(CNN) -- In the past week, U.S. officials have announced charges in five terrorism probes in five states. It is a confluence of cases unlike anything the country has seen since the September 11, 2001, attacks.
Najibullah Zazi, 24, has been indicted on a charge of conspiracy to use weapons of mass destruction in the U.S.
But CNN's national security analyst Peter Bergen and law enforcement analyst Mike Brooks say not to read too much into it -- the rush of arrests is a coincidence.
"These are things that are happening completely independently," Bergen said.
Brooks agreed, calling it a "happenstance."
Last weekend, authorities arrested three suspects -- two in Colorado and one in New York -- for allegedly lying to the FBI in a terrorism probe. One of the three is now also accused of plotting to make a powerful bomb.
A federal judge on Friday ordered Afghan native Najibullah Zazi, 24, of Colorado to remain in custody. Zazi is charged with plotting to set off "weapons of mass destruction" in the United States.
Investigators say Zazi plotted to make bombs from household chemicals. He made several recent purchases from beauty supply stores in suburban Denver, telling workers he had "a lot of girlfriends," employees said Thursday. Watch how Zazi was caught on tape »
Zazi's father, Mohammed Wali Zazi, 53, also from suburban Denver, and Ahmad Wais Afzali, 37, a Muslim cleric and funeral director from the New York borough of Queens, also have been charged with lying to federal agents in the case. Both have been released on bond.
On Thursday, officials announced an indictment against a resident of the New York City borough of Brooklyn for conspiracy to commit murder abroad and for support of foreign terrorists.
Betim Kaziu, 21, was indicted for conspiracy to commit murder abroad and support foreign terrorists. The U.S. attorney's office said he wanted to join the militant group Al-Shabaab in Somali and to "take up arms against perceived enemies of Islam."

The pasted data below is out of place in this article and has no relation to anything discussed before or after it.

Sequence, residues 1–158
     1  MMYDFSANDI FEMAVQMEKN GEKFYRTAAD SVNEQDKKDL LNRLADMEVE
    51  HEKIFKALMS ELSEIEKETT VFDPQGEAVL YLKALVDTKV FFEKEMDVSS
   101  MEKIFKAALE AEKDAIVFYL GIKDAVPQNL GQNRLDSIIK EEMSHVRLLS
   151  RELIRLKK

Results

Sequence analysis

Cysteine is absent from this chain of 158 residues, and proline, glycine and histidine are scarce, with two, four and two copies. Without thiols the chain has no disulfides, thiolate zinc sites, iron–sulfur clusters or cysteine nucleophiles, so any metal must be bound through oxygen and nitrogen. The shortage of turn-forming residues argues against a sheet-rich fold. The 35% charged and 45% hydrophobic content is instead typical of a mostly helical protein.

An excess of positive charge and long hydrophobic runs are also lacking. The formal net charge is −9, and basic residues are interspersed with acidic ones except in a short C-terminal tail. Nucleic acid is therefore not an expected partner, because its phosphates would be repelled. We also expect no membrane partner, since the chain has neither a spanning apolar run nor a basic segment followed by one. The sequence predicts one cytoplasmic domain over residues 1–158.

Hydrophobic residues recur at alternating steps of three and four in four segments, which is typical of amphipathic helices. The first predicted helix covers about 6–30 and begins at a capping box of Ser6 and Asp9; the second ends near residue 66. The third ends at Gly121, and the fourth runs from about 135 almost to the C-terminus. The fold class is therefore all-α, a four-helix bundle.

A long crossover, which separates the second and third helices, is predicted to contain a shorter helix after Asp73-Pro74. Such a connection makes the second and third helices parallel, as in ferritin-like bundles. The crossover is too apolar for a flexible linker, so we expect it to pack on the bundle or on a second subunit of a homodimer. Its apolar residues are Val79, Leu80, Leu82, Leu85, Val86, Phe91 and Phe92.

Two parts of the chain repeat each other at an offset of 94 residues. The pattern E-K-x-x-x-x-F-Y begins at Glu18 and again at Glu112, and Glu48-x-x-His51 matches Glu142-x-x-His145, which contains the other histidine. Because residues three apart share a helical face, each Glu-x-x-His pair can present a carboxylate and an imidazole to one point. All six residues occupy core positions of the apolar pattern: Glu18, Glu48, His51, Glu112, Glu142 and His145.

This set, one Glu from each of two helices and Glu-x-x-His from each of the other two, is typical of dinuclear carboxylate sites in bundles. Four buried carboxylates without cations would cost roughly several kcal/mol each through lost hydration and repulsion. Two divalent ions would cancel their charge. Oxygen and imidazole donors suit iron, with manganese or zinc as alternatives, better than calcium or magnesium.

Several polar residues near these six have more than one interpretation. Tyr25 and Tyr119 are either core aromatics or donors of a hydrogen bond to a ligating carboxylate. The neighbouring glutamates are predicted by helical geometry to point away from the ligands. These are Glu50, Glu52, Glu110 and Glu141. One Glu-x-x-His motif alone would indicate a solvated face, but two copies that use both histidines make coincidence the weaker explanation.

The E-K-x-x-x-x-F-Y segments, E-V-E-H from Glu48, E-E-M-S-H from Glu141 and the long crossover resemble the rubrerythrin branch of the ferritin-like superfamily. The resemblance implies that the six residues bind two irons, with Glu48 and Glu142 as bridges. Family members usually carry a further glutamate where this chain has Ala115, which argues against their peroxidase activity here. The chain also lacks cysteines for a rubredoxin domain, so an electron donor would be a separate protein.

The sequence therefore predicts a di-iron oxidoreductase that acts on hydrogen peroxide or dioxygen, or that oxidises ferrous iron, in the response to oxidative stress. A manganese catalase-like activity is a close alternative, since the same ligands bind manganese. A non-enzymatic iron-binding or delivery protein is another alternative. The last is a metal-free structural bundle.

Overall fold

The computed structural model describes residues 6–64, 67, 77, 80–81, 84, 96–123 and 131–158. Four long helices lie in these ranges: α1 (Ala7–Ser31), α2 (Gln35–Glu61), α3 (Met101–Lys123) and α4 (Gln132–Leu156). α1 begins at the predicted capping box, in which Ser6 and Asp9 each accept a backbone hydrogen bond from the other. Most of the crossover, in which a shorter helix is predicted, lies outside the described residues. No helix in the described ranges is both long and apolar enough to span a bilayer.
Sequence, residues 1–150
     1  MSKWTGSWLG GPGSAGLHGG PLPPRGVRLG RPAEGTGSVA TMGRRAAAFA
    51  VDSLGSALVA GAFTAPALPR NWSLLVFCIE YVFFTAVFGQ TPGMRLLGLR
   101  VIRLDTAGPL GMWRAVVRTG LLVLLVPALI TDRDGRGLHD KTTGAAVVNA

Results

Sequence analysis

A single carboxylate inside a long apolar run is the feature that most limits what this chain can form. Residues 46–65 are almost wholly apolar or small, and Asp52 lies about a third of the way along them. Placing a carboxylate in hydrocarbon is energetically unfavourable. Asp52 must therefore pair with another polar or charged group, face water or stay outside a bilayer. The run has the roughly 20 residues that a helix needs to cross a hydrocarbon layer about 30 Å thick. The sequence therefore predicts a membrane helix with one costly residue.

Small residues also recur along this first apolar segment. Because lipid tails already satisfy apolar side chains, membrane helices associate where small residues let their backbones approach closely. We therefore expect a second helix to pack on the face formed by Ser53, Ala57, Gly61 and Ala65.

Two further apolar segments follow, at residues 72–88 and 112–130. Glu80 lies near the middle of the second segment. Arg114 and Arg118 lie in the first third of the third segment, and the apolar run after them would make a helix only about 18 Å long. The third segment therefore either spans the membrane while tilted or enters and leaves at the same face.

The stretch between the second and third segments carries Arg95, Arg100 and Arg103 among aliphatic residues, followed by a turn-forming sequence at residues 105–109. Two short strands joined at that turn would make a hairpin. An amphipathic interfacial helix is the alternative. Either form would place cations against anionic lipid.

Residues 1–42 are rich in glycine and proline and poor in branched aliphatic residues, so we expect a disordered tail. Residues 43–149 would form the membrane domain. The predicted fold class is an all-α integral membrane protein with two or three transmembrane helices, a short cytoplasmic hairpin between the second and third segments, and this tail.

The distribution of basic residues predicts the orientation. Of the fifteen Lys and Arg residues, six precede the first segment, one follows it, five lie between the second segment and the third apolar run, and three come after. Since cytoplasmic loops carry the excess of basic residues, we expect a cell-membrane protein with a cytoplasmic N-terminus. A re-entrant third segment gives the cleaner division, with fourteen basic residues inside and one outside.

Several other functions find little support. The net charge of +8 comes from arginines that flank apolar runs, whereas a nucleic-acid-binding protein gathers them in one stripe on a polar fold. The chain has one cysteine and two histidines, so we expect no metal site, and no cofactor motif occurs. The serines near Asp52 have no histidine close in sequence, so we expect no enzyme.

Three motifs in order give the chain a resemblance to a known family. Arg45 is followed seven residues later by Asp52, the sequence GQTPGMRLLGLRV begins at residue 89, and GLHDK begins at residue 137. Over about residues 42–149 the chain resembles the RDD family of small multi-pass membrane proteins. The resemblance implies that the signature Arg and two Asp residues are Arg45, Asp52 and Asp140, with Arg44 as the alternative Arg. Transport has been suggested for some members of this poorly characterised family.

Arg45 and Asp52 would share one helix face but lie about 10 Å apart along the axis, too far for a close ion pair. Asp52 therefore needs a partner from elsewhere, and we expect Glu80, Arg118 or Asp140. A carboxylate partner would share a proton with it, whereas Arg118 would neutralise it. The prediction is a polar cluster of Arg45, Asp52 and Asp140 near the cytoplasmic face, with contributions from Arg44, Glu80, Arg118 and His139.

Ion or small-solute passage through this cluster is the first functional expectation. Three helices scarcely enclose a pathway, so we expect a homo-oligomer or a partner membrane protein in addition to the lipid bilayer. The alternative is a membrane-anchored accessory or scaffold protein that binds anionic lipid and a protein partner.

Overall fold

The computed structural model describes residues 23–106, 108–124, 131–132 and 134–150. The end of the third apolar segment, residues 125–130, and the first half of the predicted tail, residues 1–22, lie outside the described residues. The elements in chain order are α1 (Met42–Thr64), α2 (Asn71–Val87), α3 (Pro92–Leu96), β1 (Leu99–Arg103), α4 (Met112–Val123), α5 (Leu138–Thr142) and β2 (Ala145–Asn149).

In Texas, a 19-year-old Jordanian was arrested this week on suspicion of plotting to bomb a Dallas skyscraper.
Federal officials said Hosam Maher Husein Smadi, who entered the United States illegally and lived in Texas, tried to set off an explosive attached to a vehicle at the base of the 60-story Fountain Place office tower.
Meanwhile in Springfield, Illinois, an alleged would-be terrorist was arrested on charges of trying to detonate a truck bomb to blow up a federal building.
Justice Department officials said Michael Finton, also known as Talib Islam, 29, of Decatur, Illinois, drove a vehicle he believed contained a ton of explosives to the Paul Findley Federal Building and Courthouse in Springfield. He got out of the truck, got into a waiting car with an undercover agent, and then, when he was a few blocks away, attempted to detonate the bomb with a remote-control device.
And in North Carolina, three new charges were announced against a man who allegedly planned to attack the U.S. Marine base at Quantico, Virginia. Danield Patrick Boyd and seven others already had been charged with conspiracy to provide material support to terrorists and conspiracy to murder, kidnap, maim and injure people. They allegedly planned to attack the U.S. Marine base at Quantico, Virginia.
At any given time, FBI agents "are proactively looking at a lot of different things. And there are ongoing cases right now," Brooks said.
There was one element of the developments of the past week that was coordinated, Bergen and Brooks noted -- the timing with which authorities released information about the cases in Illinois and Texas.
Given the similarities between the two cases, authorities feared word of the Illinois arrest could tip off the Texas would-be bomber of an undercover sting operation, according to a federal law enforcement official familiar with the cases. So authorities withheld word of the Illinois arrest until the Texas sting operation was completed.
Do these various incidents suggest a spike in homegrown terrorism? "I think it's really too soon to tell," said Clark Kent Ervin, a CNN security analyst and former inspector general of the Office of Homeland Security.
It appears that the case involving suspects in New York and Denver and the Dallas case may have been planned for the anniversary of the September 11 attacks, Ervin said. "It just underscores that we remain under potential attack here."
It also shows that "every city in the United States, no matter how big or prominent, can be a potential terror target," he added. An attack in a place not generally thought of as a terrorist target "would arguably have a bigger psychological effect," he said.
While the five probes do not appear linked, they do involve suspects of a similar "socio-economic profile," said Bergen.
"The profiles of the people... generally speaking is much closer to what we see among European Muslims," he said. "They tend to be less well integrated" into mainstream society, and in many cases have faced economic difficulties and unemployment, Bergen said.
If there is a link among the suspects, Bergen said, "it's a feeling of exclusion from the American dream."
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